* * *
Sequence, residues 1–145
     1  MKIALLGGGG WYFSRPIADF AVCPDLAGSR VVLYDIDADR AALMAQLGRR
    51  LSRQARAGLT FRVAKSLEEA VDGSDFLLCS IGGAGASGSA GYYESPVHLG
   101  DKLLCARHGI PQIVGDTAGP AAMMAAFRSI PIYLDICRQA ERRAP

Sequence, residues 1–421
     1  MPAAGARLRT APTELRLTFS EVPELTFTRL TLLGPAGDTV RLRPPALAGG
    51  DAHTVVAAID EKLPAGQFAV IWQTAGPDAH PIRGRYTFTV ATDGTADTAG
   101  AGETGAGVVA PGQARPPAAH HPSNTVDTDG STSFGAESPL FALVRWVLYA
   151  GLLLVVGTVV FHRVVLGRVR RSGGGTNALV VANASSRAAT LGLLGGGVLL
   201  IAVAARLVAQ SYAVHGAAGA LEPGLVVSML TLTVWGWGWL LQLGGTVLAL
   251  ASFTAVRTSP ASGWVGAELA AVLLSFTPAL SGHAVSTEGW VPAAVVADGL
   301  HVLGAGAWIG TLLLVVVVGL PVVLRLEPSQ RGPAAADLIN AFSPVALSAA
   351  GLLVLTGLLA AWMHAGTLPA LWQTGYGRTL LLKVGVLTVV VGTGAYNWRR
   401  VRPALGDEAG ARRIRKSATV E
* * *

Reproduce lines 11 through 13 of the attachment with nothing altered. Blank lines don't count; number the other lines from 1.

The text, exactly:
   251  ASFTAVRTSP ASGWVGAELA AVLLSFTPAL SGHAVSTEGW VPAAVVADGL
   301  HVLGAGAWIG TLLLVVVVGL PVVLRLEPSQ RGPAAADLIN AFSPVALSAA
   351  GLLVLTGLLA AWMHAGTLPA LWQTGYGRTL LLKVGVLTVV VGTGAYNWRR